ROGOWSKI: And I think the law schools push them toward that.
PLATT: Right, but I think what’s lost in these giant firms now is this collegiality that we—I—experienced and I think kept me in the practice. When I first started, there were four women at Montgomery McCracken and then in my class there were four more, and it was like we doubled in size, but we were only eight of something like 75 or 80 lawyers, and we always had a very cohesive group of women who supported each other. We would sit around the table and talk about policies and things like that. We’d single out people who were coming up for partnership and say, “This is what you need to do. This is who you need to work for.”
Women would come up to me and say, “Should I get pregnant?” I would say, “Of course you should.”
So, I mean, that’s the kind of relationships, and I’m not sure that lawyers have those relationships as much in firms now. People are competing with each other within firms for work, for clients and, as Wendy said, I think you really need women especially who love to have this connection, this engagement, for feeling like something’s meaningful. You may work in a big firm and maybe the atmosphere might not be what you really like, but you’re making the money and you need that as a priority in your life, or you like the work but maybe you don’t like the people, or you like the people but maybe you don’t like the work. You need something else in your life. What I found more by happenstance than anything else was that reaching out and becoming involved in the bar associations, local legal organizations, nonprofits and things like that made my life so much more satisfying and made my practice so much more interesting.
My advice to young women now is to do just exactly that, because I didn’t realize it at the time but now, with hindsight, I realize I have a lot of relationships that I’ve built up because we’ve worked on a committee and we put a report together, or I was a member of a board. I encourage people to really get involved in local organizations that they have a passion about, that they really feel strongly about, and that they want to contribute to the community, because I think that’ll make everything else right.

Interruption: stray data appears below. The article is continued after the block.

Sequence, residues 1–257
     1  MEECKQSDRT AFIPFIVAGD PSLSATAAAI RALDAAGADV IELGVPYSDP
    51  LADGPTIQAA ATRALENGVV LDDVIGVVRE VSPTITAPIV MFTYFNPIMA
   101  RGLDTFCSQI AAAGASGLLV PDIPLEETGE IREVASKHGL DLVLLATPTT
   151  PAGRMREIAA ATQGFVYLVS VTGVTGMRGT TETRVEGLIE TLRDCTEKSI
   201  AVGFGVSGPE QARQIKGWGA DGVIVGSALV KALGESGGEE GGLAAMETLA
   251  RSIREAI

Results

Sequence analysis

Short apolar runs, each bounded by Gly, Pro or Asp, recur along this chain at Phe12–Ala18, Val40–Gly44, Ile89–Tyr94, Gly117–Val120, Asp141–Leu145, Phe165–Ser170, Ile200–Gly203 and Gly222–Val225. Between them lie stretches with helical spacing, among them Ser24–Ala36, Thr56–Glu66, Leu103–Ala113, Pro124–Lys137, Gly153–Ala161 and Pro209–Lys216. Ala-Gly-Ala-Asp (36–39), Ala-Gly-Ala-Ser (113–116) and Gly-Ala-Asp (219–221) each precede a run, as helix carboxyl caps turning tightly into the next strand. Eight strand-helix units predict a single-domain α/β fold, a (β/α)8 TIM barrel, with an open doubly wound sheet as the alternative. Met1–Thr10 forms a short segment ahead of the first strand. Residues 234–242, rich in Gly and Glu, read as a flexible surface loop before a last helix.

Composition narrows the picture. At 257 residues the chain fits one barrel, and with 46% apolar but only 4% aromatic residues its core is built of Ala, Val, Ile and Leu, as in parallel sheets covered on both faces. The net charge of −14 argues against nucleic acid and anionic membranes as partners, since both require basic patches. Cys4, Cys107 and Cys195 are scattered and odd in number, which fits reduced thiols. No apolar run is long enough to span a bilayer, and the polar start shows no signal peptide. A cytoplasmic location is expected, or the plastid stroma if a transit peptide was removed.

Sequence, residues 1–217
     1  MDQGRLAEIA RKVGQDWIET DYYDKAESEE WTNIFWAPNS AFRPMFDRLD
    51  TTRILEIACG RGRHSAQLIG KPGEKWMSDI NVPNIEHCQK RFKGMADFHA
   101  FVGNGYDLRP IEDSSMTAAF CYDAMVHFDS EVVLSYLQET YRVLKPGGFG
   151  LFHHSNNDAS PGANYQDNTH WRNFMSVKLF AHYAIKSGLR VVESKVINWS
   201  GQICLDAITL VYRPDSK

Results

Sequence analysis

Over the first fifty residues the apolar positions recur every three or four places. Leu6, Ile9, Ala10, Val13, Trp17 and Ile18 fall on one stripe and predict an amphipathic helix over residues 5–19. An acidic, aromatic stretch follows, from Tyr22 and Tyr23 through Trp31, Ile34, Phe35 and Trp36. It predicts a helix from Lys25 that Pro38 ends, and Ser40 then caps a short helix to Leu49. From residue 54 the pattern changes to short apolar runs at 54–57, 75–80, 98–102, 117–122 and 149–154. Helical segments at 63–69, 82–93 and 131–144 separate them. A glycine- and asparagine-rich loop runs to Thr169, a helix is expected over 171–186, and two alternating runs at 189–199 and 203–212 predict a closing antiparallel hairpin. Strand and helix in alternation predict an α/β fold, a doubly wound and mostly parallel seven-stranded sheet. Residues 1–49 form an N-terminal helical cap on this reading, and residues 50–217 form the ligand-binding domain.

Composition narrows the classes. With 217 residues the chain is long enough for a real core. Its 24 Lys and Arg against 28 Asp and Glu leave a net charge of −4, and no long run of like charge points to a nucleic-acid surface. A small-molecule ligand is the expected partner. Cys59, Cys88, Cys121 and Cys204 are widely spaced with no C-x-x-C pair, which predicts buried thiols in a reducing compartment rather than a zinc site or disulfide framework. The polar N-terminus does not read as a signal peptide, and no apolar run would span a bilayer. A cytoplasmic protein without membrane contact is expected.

SMITH: I also think about that even internally. In the insurance defense business, we deal with a lot of insurance adjusters, and I said to a partner years ago, “You know what, I know you guys all love to go out on a Friday afternoon and put on your golf shirts and go out there and have some beers and golf—and some women love that—but the majority of the women that I deal with are women adjusters. They have busy lives. They have kids to get home to. Sometimes they can’t leave just to have lunch or dinner.” So why don’t we start marketing and getting women in our firm to start marketing toward things that women like to do, because that’s the whole thing. It’s about getting together. They like doing cooking class or going to the theater or having a spa day, and my clients love that. It’s encouraging to other women attorneys because they’re like, “Yeah. I don’t golf. I don’t want to do those kinds of things,” but those opportunities are there for them.
RICE: That’s a very good point, and I want to shift the conversation now to business development—what that looks like in your firm, the marketing culture that you have in each of your firms—because I would probably guess that it’s a little different in every firm. To what extent does management or any group of leadership within your firm offer that, encourage that, require that?